[PD] Help with reverb design and vanilla's abstractions ([rev1~]/[rev2~]/[rev3~])

Chris Clepper cgclepper at gmail.com
Fri Feb 8 19:07:14 CET 2019

There are no good references for designing reverbs because the info falls
under 'Trade Secrets' in the audio industry.  I develop commercial reverbs
and other effects as part of my job and can give you a few tips:

- FDN is not used in any of the 'classic' reverb designs (Concert Hall,
Plate, Chamber, etc).  Eventide did start to use it in the late 80s, but
their most famous reverb is not FDN based at all.  A number of plugins and
devices do use FDN now mostly for 'Room' type algorithms.
- The few patents for old reverb boxes are not very useful because they
leave out all of the 'secret sauce'.
- Modulation is where the magic happens.
- Andy's on to something with investigating mathematical sequences and
- Interpolation.  When to do it and how to do it is also key.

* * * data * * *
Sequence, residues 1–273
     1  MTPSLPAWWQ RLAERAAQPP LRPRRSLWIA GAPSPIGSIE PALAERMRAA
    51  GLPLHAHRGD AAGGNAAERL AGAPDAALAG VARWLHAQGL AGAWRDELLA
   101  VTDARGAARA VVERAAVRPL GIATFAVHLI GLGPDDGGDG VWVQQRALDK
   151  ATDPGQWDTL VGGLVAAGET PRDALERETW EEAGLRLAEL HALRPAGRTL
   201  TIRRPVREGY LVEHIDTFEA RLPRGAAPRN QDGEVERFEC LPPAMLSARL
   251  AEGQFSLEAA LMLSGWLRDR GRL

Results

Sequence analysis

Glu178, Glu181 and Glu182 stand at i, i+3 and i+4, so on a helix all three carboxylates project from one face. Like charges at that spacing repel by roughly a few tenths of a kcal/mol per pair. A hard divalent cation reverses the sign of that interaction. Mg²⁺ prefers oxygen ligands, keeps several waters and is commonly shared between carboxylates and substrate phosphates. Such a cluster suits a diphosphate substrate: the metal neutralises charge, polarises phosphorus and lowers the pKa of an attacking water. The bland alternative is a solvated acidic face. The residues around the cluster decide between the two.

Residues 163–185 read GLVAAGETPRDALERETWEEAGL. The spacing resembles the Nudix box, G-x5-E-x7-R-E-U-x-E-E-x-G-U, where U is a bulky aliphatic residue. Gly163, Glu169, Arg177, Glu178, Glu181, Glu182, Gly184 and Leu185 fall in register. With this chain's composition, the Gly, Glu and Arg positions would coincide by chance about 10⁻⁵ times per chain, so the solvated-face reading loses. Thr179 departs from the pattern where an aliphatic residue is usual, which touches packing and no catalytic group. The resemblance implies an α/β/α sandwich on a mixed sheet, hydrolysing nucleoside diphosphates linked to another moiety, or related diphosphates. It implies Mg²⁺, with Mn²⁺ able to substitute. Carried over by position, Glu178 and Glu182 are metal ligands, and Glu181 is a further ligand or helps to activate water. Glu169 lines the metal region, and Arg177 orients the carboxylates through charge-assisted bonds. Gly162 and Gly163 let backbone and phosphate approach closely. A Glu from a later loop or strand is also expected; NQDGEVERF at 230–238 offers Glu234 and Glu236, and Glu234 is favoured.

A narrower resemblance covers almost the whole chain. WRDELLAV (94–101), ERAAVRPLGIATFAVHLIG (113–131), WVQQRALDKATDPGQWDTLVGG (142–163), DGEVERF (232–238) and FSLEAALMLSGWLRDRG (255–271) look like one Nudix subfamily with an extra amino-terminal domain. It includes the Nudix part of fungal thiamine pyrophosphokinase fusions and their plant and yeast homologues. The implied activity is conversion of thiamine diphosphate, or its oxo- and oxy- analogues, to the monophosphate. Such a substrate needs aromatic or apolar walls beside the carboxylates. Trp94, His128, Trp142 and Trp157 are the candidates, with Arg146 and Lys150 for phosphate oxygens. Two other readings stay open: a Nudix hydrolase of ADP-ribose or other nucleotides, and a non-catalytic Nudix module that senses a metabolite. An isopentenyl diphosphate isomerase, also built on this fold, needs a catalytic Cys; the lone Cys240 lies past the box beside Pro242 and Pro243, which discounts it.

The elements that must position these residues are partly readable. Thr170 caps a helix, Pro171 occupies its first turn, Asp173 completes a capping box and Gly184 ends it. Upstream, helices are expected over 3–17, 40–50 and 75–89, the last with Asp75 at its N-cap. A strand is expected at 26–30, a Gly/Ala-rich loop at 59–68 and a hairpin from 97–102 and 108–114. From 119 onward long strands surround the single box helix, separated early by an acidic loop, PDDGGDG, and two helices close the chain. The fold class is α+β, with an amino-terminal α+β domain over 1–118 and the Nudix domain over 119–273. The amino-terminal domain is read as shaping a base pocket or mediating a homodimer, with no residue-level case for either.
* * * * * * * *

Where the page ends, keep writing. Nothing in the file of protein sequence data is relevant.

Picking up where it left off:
- Filters.  what type and where to use them
- Phase.  Relates to filters and interpolation and creates some surprising
results when used well.
- Move to Boston.  Almost all of the major reverb developments where done
here:  Blesser(EMT/Lexicon), David G(Lexicon), Chris Moore(Ursa Major),
 Bill Gardner and so on.  I think Miller even wrote the FDN paper at MIT.


On Wed, Feb 6, 2019 at 8:26 PM Alexandre Torres Porres <porres at gmail.com>

> Hi, I've read miller's book and I've always wanted to know a bit more
> about reverbs. I also want to better explain these examples to my students.
> One thing I wonder is about the choice of delay lengths for the early
> reflections and also for the recirculating delay lines. They seem quite
> arbitrary, right?
> All I could make of it is that these numbers are just broken down so they
> don't become multiples of each other, resulting in a rather complex mesh of
> reflection times.
> But also, it seems that a "room size" parameter can be controlled by the
> size of the delay lines, right?
> Anyway, I'd appreciate if I could learn more about these abstractions and
> also some cool references for study (such as "digital reverb modelling for
> dummies").
> cheers
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